F(1) Tidal waters had flown through broken floodgates, replenishing the wetlands.

F(2) New floodgates have blocked the water flow.

The wetlands were able to be drained now because the landholders - aware of mounting public pressure on governments to do something - repaired the floodgates, thereby legally continuing - in the eyes of government - an existing land use.

Secondly, governments decided at all three levels that the wetlands are unimportant because they had been "modified" by humans. In a sense, according to public officials incapable of thinking outside the box, the wetlands are of no significance because they were created artificially. This blinkered view ignores three fundamental points.

Firstly, artificial or not, the wetlands attracted an extraordinary variety and abundance of wildlife, much of it protected under state and Commonwealth law. Secondly, the Yandina Creek Wetlands resemble habitat that was widespread in the Maroochy River flatlands before the development of sugar cane plantations many decades ago; what has occurred essentially is that natural habitat was restored. Thirdly, governments around the world are spending large sums of money creating wetlands because there is so little of the habitat remaining in its "natural" state.

None of that rings any bells  for our governments. Where to now? The Sunshine Coast Council and the federal and Queensland governments can be lobbied to reverse the drainage works by insisting that the floodgates be opened or removed. One or other governments can come up with the funds necessary to acquire the wetlands for a conservation reserve. The Queensland Environment Minister, Steven Miles, plans to visit the site soon. However, landholders have refused the minister access to the properties. News of his pending visit is believed to have triggered the move to drain the wetlands.

At the request of Peter Wellington, the local MP and parliamentary Speaker, Mr Miles has taken an interest in the wetlands, even though his department is on the record as dismissing the area as unimportant because it is "modified". Mr Miles can be asked to provide funding to the Sunshine Coast Council to help acquire the wetlands, and to ensure that state laws protecting important wetlands and threatened wildlife are complied with:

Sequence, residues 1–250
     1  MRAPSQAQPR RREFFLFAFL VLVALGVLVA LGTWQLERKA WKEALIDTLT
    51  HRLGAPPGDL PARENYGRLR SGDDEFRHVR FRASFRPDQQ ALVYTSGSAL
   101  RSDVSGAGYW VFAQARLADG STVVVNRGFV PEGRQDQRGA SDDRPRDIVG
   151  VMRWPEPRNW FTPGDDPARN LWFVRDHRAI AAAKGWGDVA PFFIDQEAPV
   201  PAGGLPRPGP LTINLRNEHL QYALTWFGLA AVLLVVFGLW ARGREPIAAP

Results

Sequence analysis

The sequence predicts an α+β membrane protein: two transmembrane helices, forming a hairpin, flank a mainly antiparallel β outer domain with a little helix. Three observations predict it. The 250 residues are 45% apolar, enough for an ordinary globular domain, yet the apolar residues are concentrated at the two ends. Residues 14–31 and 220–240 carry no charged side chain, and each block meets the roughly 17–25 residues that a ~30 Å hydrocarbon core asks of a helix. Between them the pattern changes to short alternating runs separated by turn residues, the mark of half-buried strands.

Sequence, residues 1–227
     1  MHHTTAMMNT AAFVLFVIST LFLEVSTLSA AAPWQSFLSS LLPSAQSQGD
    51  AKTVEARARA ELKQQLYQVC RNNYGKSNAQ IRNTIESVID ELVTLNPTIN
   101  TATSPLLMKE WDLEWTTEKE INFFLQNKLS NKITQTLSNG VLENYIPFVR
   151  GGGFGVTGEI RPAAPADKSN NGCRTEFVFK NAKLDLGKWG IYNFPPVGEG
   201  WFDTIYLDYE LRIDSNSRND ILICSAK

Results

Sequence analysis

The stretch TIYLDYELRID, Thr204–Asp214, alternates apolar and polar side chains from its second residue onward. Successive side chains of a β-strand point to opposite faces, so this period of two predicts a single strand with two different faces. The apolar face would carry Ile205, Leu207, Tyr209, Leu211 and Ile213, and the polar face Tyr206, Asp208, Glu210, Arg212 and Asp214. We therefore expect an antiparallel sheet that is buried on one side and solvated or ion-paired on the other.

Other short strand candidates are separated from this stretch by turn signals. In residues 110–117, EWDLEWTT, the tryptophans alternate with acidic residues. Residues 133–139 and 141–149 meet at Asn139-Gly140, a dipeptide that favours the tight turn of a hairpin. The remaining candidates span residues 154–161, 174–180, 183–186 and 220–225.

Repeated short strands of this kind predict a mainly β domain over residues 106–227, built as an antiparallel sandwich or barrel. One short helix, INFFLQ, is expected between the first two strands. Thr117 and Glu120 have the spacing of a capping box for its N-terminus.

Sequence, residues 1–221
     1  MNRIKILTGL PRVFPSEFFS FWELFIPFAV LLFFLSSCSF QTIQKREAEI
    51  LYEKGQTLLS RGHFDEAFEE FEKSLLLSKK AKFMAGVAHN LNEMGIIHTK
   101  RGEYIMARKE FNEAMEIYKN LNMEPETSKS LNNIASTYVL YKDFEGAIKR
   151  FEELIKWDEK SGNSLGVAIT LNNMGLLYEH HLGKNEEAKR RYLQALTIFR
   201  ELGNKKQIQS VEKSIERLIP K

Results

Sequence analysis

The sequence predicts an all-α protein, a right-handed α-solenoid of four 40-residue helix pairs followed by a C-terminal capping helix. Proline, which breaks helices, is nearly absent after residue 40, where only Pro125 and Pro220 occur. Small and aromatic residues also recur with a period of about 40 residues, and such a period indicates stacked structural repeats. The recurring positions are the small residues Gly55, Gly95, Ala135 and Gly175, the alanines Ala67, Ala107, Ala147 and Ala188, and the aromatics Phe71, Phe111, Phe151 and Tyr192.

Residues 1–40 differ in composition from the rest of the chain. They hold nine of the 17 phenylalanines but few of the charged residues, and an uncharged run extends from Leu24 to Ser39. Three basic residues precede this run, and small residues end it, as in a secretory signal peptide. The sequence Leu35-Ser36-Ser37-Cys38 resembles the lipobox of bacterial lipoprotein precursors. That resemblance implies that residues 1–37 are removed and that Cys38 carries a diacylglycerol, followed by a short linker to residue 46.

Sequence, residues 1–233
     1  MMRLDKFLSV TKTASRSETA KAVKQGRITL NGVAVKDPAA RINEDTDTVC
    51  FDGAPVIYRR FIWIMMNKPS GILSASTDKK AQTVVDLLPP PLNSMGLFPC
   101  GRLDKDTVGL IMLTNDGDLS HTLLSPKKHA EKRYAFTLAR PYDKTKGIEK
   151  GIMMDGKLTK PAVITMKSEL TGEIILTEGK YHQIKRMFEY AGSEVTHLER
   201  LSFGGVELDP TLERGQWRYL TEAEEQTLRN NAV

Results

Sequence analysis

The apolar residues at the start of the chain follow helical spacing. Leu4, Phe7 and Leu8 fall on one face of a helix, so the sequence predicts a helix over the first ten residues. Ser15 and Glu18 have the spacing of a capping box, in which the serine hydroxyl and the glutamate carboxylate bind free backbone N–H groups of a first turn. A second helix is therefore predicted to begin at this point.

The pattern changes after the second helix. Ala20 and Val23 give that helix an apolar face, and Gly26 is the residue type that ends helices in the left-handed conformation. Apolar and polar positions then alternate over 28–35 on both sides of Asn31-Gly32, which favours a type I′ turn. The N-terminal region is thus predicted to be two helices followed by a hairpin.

Hon Steven Miles,
Queensland Minister for Environment and Heritage Protection,
GPO Box 2454,

Black-necked Stork at Yandina Creek Wetlands

A petition has been launched calling on the federal Environment Minister, Greg Hunt, to provide funding to the Sunshine Coast Council to enable it to acquire the properties:  see here for the link .  Mr Hunt can be written to and asked to provide funding and to ensure that Commonwealth laws are complied with, whether or not the habitat of endangered, protected wildlife has been "modified":

Hon Greg Hunt,
Minister for the Environment,
PO Box 274,
Hastings, VIC, 3915.

Councillor Mark Jamieson,
Sunshine Coast Council,
Locked Bag 72,
Sunshine Coast Mail Centre QLD 4560.

BirdLife Australia has produced an online letter that can also be forwarded to the mayor: see here for access to the letter.

A Facebook page has been created for the wetlands -
see here.

Also, a Twitter hashtag for the wetlands: see here.

A full report on the case for saving the wetlands can be found here.


1 comment:

  1. The importance of wetlands is talked about well in this talk on Ted It's so sad that it has been drained hope this decision can be altered.